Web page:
Marvel Stadium management will review security procedures after the AFLvenue’s chief executive Michael Green conceded some fans felt intimidated by the more-visible security presence.
With crowd behaviour in the spotlight in recent weeks, stadium management have beefed up patrolling of the aisles by guards but deny putting on extra security personnel as has been reported.
Either way, the move has caused a fan backlash. Supporters took to talkback radio and social media over the weekend to complain about a heavy-handed security presence at Marvel, with some reporting they were told by guards they were barracking too loudly.
Amid growing unrest, which peaked last week after a Carlton supporter was ejected from Marvel Stadium for calling an umpire a “bald-headed flog”, AFL chief executive Gillon McLachlan denied issuing a directive to crackdown on fan behaviour.
Green backed that assertion when he spoke to Melbourne’s SEN on Sunday, when he explained that the new measures were part of the stadium’s response to incidents of crowd violence over the past 12 months.
“We haven’t had any direction or requests to increase our security or policing at AFL events, nor have we done,” Green said. “But what we have done over the last number of weeks is increase our visual presence of our security. Clearly, from [the feedback] we’ve taken that too far.
“We don’t want our fans to feel intimidated by security. We actually want them to feel safe and secure, so it’s something that we will be reviewing to make sure that we get that balance right.”
With some fans feeling like big brother is watching them, eyebrows were raised when pictures circulated via social media on Saturday showing members of the stadium security force wearing “behavioural awareness officer” bibs.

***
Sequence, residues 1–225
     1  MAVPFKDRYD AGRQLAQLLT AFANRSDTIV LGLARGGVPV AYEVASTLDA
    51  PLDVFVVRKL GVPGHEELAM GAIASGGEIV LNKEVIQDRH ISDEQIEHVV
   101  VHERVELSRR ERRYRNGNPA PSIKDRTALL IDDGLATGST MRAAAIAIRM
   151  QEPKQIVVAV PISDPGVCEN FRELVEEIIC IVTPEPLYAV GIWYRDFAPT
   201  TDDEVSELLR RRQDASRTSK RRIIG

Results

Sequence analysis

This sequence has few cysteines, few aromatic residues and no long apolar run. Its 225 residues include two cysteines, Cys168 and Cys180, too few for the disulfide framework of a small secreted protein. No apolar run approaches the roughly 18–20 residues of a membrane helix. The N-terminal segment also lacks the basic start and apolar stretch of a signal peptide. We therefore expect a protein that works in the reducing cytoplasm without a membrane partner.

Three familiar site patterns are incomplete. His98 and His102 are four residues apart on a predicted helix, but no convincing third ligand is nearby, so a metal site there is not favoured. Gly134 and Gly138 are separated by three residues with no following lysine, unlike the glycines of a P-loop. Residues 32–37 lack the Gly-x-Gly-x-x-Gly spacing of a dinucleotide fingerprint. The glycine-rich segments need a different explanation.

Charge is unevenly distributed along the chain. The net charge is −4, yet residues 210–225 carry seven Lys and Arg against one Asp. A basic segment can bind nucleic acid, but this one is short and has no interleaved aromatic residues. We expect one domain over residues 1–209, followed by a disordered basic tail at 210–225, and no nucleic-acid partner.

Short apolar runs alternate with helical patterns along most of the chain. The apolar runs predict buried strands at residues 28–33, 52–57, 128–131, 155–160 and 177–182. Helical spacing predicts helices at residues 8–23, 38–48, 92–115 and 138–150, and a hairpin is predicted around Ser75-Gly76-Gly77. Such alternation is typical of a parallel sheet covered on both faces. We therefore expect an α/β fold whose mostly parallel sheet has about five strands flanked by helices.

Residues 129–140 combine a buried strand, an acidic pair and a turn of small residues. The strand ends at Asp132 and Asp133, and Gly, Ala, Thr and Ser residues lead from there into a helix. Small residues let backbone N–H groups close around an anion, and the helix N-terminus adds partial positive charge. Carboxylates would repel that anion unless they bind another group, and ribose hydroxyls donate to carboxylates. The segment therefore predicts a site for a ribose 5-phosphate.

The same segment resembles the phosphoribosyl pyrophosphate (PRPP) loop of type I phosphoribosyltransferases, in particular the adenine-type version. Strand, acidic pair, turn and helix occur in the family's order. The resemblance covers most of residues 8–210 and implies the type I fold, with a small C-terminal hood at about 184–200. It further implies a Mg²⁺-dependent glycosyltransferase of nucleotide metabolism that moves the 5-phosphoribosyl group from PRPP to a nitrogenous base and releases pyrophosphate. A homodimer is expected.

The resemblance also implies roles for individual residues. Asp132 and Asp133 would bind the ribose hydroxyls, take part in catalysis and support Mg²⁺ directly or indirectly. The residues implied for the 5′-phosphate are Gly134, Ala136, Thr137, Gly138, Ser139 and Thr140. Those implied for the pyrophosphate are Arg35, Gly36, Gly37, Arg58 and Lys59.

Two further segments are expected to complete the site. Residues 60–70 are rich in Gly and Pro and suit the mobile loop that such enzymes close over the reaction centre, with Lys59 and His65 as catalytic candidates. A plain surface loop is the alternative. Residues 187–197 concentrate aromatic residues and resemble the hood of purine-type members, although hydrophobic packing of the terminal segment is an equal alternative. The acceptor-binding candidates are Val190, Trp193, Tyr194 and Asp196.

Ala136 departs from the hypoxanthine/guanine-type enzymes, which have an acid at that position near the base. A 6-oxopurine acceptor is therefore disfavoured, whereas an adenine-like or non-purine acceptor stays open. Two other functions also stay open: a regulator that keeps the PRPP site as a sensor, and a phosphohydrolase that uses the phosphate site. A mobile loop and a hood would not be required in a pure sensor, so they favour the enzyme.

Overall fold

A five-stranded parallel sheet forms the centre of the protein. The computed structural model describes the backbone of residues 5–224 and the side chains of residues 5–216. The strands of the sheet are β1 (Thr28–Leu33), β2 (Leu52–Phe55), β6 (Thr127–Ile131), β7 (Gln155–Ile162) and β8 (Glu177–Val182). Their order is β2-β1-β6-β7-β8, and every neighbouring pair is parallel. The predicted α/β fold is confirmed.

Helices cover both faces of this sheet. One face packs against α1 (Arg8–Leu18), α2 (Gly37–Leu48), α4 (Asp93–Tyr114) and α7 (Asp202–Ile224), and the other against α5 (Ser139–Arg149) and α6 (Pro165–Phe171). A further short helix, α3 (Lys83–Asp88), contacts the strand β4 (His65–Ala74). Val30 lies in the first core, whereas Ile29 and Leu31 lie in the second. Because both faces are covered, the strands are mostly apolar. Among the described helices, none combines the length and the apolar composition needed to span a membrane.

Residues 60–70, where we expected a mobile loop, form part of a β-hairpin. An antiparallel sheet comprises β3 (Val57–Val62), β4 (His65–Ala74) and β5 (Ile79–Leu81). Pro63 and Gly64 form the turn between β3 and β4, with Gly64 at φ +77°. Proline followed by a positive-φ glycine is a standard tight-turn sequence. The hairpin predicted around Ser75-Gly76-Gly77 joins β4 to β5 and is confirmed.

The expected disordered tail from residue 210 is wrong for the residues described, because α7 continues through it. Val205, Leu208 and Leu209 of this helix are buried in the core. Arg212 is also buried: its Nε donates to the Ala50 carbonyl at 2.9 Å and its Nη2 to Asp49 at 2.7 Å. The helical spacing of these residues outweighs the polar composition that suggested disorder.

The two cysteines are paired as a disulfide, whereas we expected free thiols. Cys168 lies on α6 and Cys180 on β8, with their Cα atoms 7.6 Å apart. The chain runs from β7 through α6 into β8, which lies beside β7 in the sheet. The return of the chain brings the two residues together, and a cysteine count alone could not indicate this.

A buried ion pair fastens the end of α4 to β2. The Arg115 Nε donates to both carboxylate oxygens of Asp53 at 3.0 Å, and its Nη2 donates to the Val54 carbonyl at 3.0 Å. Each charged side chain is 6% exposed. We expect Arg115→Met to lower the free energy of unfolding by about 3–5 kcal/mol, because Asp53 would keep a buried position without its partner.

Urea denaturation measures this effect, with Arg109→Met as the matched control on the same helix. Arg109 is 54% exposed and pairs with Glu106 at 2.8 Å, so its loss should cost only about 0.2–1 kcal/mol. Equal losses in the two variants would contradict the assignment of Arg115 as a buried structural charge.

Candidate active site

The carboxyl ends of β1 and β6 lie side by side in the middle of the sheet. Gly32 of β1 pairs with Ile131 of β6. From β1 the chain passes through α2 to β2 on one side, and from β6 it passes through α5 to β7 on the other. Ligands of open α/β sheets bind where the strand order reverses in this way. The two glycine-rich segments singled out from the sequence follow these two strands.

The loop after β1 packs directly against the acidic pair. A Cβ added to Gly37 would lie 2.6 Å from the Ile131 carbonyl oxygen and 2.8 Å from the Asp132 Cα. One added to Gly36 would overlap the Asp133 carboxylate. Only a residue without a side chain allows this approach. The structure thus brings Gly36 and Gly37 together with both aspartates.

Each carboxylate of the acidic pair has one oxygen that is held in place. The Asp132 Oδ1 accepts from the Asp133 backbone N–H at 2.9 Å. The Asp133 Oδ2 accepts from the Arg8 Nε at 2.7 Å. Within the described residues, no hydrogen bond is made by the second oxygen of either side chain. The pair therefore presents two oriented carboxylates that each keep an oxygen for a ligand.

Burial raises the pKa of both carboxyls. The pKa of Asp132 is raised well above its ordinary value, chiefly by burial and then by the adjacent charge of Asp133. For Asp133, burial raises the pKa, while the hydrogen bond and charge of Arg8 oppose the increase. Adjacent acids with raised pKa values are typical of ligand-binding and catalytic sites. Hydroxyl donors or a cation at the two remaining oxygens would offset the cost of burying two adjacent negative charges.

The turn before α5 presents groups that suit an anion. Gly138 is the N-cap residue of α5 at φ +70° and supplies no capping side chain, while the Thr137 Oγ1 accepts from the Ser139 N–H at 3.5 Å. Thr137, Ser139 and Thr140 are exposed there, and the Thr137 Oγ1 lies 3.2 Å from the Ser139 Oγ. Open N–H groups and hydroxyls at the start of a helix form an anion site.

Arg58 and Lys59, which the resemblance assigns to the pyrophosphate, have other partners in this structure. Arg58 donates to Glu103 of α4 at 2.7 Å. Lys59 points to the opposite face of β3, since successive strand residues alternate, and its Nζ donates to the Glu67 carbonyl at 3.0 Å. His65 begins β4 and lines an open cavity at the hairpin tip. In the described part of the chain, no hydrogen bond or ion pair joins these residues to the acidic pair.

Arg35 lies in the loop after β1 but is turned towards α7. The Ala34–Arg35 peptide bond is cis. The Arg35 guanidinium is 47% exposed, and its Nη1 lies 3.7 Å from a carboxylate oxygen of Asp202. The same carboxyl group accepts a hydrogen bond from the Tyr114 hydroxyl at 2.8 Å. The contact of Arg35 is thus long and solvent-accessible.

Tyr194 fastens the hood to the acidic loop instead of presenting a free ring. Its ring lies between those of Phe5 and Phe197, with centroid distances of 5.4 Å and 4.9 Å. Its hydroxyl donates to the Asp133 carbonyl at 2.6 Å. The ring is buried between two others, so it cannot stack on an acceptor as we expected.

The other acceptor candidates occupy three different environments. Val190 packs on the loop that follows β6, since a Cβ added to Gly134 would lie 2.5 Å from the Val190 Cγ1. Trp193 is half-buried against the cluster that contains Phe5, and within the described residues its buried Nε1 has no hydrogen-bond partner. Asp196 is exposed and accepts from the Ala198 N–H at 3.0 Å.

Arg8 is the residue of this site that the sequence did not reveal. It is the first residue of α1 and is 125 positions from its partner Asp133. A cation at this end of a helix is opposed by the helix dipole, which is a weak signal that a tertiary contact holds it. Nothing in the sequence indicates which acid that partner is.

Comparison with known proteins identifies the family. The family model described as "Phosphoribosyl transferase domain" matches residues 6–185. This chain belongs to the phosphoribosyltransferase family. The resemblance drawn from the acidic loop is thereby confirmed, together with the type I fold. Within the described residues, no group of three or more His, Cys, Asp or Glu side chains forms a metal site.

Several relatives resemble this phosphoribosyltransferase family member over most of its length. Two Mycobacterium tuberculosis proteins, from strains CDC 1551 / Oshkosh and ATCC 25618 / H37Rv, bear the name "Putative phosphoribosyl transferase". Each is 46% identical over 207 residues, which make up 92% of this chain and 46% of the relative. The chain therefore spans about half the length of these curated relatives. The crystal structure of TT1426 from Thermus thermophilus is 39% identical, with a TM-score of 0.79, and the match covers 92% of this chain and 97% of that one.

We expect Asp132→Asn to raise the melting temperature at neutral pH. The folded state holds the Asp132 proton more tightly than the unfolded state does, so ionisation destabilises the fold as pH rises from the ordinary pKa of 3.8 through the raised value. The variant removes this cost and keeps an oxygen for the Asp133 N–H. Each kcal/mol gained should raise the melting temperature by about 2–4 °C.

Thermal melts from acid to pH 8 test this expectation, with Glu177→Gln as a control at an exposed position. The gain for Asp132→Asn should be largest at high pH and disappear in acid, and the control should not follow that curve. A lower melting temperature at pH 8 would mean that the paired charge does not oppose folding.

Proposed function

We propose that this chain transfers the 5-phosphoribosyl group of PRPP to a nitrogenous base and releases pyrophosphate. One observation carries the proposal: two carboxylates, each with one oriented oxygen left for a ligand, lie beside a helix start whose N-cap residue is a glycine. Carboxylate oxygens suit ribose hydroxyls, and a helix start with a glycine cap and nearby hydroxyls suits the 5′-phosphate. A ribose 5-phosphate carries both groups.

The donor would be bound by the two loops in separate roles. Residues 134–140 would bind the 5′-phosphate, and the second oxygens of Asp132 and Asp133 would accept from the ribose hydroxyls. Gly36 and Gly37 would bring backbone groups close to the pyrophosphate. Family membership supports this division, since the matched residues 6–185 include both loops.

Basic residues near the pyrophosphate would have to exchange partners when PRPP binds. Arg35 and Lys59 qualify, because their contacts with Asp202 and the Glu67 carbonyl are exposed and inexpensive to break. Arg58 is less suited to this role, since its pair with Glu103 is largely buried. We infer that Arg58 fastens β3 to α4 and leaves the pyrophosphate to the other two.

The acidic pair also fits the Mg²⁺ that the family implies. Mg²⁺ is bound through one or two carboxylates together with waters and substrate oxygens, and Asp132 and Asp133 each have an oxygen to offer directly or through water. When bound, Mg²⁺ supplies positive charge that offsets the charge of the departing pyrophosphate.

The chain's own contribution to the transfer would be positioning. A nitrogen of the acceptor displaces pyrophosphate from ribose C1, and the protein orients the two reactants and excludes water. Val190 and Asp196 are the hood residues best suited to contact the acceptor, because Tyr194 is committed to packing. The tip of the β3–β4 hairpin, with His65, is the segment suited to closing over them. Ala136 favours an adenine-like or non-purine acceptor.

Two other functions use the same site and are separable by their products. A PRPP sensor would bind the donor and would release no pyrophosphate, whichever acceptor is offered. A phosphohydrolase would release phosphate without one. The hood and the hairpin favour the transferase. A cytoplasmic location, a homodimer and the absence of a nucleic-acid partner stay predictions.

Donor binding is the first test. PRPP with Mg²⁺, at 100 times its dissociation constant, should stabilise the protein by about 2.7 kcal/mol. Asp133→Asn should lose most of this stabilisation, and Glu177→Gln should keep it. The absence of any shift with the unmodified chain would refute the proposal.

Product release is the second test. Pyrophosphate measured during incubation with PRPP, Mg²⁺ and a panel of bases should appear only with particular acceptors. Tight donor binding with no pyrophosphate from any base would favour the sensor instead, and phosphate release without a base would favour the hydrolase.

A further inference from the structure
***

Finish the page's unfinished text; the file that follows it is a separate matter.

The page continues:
Green said the officers had been in place all season and explained they are guards who have received extra training in identifying and diffusing problems in the crowd.
He said the new security measures had helped quickly quell an ugly confrontation between fans after the final siren of Saturday night’s clash between the Western Bulldogs and Carlton.
The AFL Fans Association continued its campaign for greater clarity from the AFL on the issue in a statement released on Sunday.
“Violence, umpire abuse and threatening behaviour are never OK,” AFLFA president Gerry Eeman said. “But some fans are telling us that they feel they can’t express themselves at games in the same way they did in the past.
“A balance needs to be struck between protecting patrons from the small minority who cause problems and allowing the vast majority of well-behaved fans to express their passion. There is nothing wrong with barracking loudly for your team and there is nothing wrong with being passionate.”